Indexing Auto Effects on the Environment

Gary S. Vasilash

The air is getting better.

So indicates a new index developed at the University of Michigan Transportation Research Institute (UMTRI), which looks at the exhaust emissions created by drivers of newly purchased vehicles since October 2007 (the nominal start of the ’08 model year). It’s called the “Eco-Driving Index” (EDI).

According to Michael Sivak, a research professor at UMTRI, the environmental impact of internal combustion engines—as in CO2, other gases, and particulates—is dependent on the amount of fuel used. “The EDI estimates this amount by taking into account two primary variables—the fuel economy of the vehicle and the distance driven.”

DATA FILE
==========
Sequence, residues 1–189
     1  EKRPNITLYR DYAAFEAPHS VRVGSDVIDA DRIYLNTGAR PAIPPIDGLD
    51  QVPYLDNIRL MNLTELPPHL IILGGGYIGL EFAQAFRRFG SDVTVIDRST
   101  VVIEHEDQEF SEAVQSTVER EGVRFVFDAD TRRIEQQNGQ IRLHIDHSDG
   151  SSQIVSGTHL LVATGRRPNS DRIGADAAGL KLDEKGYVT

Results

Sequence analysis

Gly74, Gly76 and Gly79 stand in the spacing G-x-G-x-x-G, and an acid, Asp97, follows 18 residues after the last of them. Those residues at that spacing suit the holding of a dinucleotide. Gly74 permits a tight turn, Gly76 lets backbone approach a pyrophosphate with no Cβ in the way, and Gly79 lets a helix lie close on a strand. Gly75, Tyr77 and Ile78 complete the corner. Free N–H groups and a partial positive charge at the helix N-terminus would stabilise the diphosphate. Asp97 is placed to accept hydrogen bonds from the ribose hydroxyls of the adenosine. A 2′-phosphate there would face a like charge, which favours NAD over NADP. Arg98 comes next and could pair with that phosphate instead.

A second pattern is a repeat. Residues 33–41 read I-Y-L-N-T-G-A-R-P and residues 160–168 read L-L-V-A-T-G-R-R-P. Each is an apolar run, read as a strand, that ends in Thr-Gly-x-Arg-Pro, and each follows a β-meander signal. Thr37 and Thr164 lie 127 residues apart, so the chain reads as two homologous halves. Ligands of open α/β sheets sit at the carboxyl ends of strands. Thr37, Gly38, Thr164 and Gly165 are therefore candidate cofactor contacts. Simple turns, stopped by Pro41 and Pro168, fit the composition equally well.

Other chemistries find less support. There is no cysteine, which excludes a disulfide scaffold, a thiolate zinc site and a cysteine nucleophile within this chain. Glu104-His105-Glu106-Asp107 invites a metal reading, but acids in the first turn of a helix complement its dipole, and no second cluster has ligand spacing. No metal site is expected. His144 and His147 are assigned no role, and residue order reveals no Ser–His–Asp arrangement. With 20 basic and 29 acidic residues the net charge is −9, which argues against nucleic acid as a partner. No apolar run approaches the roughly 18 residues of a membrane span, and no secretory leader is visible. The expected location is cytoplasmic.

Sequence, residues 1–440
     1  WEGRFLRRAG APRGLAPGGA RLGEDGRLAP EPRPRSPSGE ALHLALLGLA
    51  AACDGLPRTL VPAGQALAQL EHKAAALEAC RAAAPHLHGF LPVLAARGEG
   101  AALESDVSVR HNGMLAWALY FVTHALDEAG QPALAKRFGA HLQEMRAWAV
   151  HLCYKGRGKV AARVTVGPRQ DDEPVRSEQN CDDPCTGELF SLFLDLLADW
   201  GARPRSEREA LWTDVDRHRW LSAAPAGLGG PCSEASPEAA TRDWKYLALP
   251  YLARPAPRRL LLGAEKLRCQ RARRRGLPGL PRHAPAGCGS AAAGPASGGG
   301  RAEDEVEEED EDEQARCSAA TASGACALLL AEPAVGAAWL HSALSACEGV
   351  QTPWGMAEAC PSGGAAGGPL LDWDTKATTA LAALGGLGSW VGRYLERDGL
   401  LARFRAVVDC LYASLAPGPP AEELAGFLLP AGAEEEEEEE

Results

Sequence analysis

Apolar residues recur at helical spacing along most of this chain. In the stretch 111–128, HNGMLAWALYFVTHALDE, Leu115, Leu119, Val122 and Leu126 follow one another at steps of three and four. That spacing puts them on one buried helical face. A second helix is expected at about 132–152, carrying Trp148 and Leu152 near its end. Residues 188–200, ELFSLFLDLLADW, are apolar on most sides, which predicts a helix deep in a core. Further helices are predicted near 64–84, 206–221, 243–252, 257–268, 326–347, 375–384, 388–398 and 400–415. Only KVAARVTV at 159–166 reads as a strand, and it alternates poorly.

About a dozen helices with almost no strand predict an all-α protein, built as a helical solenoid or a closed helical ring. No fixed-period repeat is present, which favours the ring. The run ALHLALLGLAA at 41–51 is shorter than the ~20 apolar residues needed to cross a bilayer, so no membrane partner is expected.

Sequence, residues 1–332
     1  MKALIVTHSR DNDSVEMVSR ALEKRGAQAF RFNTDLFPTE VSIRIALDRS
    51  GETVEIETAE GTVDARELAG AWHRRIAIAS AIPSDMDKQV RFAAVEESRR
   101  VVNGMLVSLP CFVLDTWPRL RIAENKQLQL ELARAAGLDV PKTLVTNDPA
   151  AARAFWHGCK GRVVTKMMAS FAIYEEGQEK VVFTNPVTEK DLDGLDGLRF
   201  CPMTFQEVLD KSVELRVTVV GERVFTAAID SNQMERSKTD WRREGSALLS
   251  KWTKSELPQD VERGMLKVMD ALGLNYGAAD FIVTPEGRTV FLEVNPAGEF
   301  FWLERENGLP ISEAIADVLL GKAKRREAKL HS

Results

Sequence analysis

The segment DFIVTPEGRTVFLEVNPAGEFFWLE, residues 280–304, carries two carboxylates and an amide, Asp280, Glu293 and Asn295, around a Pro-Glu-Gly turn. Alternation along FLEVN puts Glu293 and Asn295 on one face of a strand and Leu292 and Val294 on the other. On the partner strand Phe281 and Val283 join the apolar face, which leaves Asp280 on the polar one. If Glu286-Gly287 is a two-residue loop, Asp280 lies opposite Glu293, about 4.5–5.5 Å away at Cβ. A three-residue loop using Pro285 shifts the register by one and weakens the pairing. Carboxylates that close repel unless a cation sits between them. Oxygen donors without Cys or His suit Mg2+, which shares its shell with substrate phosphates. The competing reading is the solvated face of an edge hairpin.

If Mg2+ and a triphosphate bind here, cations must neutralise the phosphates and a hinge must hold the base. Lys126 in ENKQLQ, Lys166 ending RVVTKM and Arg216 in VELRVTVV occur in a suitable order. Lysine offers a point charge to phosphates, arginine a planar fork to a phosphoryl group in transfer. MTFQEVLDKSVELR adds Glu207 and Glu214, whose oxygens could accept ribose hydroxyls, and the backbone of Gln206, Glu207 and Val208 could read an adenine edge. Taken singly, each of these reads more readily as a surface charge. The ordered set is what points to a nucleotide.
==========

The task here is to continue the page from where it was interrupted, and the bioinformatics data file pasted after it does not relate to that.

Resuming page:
They calculate the fuel used per driving distance (EDIf) based on monthly sales figures for models and the EPA fuel economy ratings for those models. They also calculate the distance driven per individual (EDId), based on information provided by the Federal Highway Administration. (There are other factors deployed, as well, such as days of the month, the tendency for drivers to drive more when their fuel economy improves, and number of drivers per vehicle.)

Taking all of that into account they create the EDI, which is down 14% since late 2007.

So if you’re interested in cleaner air, perhaps you should go buy a new car.